Exercise During Pregnancy
With the rise of social media and internet access over the last few years we have been bombarded with information regarding exercise and pregnancy. It is often confusing for women to understand what is safe and effective during this important stage. As physiotherapists we are trained in the specific needs of the body with respect to hormonal, anatomical and functional requirements of women throughout pregnancy and post birth.
Every woman and every pregnancy is different and therefore exercise requirements during this time can change. This can depend on the level of exercise prior to becoming pregnant, the number of children that a woman already has as well as her general health. The discussion below is a general outline and can be adapted to each individual as required.
Exercise during First Trimester
This is a difficult time as women have generally not announced their pregnancy publicly but may be feeling the effects of morning sickness and hormonal changes. The hormone relaxin is produced throughout pregnancy and it results in increased laxity of ligaments throughout the body as well as cardiovascular and renal changes. We recommend a reduction in bouncing and/or jumping type movements mainly due to stress on the pelvic ligaments. We also recommend taking care when performing deep stretches.
At this stage it is important for women to be comfortable during exercise and to monitor heart rate/exertion levels. A simple way for you to ensure you are not working too hard is to use the Borg Scale of Perceived Exertion as shown below:
Pregnant women should be aiming for a maximum score of 5 on this scale. Heart rate should not exceed 140bpm.
In the first trimester your physiotherapist will be able to assess your pelvic floor and lower abdominal muscles and ensure that you are using them correctly when you are exercising. You will also receive advice regarding posture, anatomy and changes to expect. If you are experiencing any pain or discomfort at this stage then a hands on approach such as massage, mobilisation or taping may be of benefit.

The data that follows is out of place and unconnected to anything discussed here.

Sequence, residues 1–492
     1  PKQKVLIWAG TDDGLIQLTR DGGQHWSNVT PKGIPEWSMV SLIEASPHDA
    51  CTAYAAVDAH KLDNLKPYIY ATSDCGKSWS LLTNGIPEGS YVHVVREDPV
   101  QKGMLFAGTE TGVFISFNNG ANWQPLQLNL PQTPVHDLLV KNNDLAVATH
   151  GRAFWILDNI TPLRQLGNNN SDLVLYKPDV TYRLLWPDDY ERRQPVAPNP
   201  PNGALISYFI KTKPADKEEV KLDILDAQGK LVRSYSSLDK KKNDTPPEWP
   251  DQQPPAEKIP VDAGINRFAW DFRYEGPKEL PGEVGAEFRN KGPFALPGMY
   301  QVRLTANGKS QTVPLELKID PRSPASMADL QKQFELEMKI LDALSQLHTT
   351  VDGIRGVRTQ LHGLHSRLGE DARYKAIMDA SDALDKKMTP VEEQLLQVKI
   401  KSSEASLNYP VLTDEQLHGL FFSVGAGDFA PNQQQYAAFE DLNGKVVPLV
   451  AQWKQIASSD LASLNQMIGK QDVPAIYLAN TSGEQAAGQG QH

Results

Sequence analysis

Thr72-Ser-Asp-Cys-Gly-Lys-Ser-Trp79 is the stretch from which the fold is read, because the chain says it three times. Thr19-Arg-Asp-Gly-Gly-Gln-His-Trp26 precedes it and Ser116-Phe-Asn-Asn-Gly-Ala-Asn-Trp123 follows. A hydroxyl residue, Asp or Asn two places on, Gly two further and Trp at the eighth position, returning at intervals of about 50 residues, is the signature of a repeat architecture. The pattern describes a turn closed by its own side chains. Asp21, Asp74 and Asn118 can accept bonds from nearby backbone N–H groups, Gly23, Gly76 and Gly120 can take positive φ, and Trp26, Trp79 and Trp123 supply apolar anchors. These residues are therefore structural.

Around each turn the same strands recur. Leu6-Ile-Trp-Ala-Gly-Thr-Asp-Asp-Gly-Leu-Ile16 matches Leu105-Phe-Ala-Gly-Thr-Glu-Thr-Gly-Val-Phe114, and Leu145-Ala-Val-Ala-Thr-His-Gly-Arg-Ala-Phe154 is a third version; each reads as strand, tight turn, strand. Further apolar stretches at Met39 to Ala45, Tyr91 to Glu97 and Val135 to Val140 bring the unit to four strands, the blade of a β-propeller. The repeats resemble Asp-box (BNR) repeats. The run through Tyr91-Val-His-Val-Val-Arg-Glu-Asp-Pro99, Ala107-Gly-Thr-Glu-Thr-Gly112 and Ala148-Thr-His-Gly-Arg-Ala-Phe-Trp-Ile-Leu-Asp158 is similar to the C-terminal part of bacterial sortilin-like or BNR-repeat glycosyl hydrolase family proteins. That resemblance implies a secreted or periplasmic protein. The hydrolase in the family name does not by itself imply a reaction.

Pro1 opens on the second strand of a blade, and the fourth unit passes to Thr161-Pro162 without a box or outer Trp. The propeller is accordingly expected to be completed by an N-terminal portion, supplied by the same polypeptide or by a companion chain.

Exercise during Second Trimester
This period results in noticeable changes in a women’s body. The baby is growing quickly, blood flow increases, resting heart rate increases and body temperature rises. Therefore the monitoring of exertion and heart rate continues to be important during exercise.
From 18-20 weeks pregnant we recommend that women avoid exercise while in a supine position (lying on your back). This is due to the position of the growing uterus over the vena cava which is a large vein returning blood to the heart. Potentially blood flow can be impaired during supine exercise leading to dizziness and nausea. There are many safe and comfortable exercises that can be performed while sidelying, kneeling or standing that are a great alternative to supine.
As the baby grows and the abdominal muscles stretch; a women’s body goes through significant postural changes. The centre of gravity changes from centred to anterior, the lumbar spine develops an increased curve and the ribs are stretched wider and pushed upward.
As a result of these changes we recommend that women avoid exercises that put strain on the lower back such as leaning backward or pressing heavy weights overhead. Due to the change in length of the abdominals we recommend avoiding exercises such as crunches and sit ups, instead focus on gentle bracing while performing movements with the arms and legs. Side-stretching the thoracic spine and breathing techniques can be a fantastic relief for painful ribs and tightness.
During the second trimester your physiotherapist can modify your exercise program to suit your needs. Exercises will focus a lot more on stability particularly through the lumbopelvic region and scapular stabilisers as well as overall postural control. Again hands-on treatment can be utilised if you are experiencing pain or discomfort.
Exercise during Third Trimester
During this stage women can start to feel slightly uncomfortable with a big belly, swollen legs and pressure through the pelvis. This is the stage where we begin to reduce the intensity of exercise and concentrate on maintaining strength and preparing for birth and the postnatal period. Each woman is different and each pregnancy is different so the level of exercise appropriate is completely individualised.